If you are asked the question during an initial screening interview, you might say that you feel you need to know more about the position's responsibilities before you could give a meaningful answer to that question. Here, too, either by asking the interviewer or search executive (if one is involved), or in research done as part of your homework, you can try to find out whether there is a salary grade attached to the job. If there is, and if you can live with it, say that the range seems right to you.

If the interviewer continues to probe, you might say, "You know that I'm making $______ now. Like everyone else, I'd like to improve on that figure, but my major interest is with the job itself." Remember that the act of taking a new job does not, in and of itself, make you worth more money.

If a search firm is involved, your contact there may be able to help with the salary question. He or she may even be able to run interference for you. If, for instance, he tells you what the position pays, and you tell him that you are earning that amount now and would Like to do a bit better, he might go back to the employer and propose that you be offered an additional 10%.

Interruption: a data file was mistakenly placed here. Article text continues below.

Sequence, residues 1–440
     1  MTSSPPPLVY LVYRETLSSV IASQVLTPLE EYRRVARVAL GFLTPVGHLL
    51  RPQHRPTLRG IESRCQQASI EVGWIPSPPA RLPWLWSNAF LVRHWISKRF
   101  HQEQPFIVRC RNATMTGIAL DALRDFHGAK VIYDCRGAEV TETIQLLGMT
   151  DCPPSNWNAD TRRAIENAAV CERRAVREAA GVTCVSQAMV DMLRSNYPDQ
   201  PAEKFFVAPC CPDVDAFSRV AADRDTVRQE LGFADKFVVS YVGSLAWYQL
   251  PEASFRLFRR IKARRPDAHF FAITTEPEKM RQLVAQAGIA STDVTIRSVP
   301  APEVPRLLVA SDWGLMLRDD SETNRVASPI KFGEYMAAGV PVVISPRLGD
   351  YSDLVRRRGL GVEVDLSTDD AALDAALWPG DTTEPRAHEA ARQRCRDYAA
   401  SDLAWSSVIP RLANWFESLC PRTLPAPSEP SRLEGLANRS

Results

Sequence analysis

If no price range is attached to the job, and the interviewer continues to press the subject, then you will have to restpond with a number. You cannot leave the impression that it does not really matter, that you'll accept whatever is offered. If you've been making $80,000 a year, you can't say that a $35,000 figure would be fine without sounding as if you've given up on yourself. (If you are making a radical career change, however, this kind of disparity may be more reasonable and understandable.)

Don't sell yourself short, but continue to stress the fact that the job itself is the most important thing in your mind. The interviewer may be trying to determine just how much you want the job. Don't leave the impression that money is the only thing that is important to you. Link questions of salary to the work itself.

But whenever possible, say as little as you can about salary until you reach the "final" stage of the interview process. At that point, you know that the company is genuinely interested in you and that it is likely to be flexible in salary negotiations.

24. What are your long-range goals?

Refer back to the planning phase of your job search. Don't answer, "I want the job you've advertised." Relate your goals to the company you are interviewing: 'in a firm like yours, I would like to..."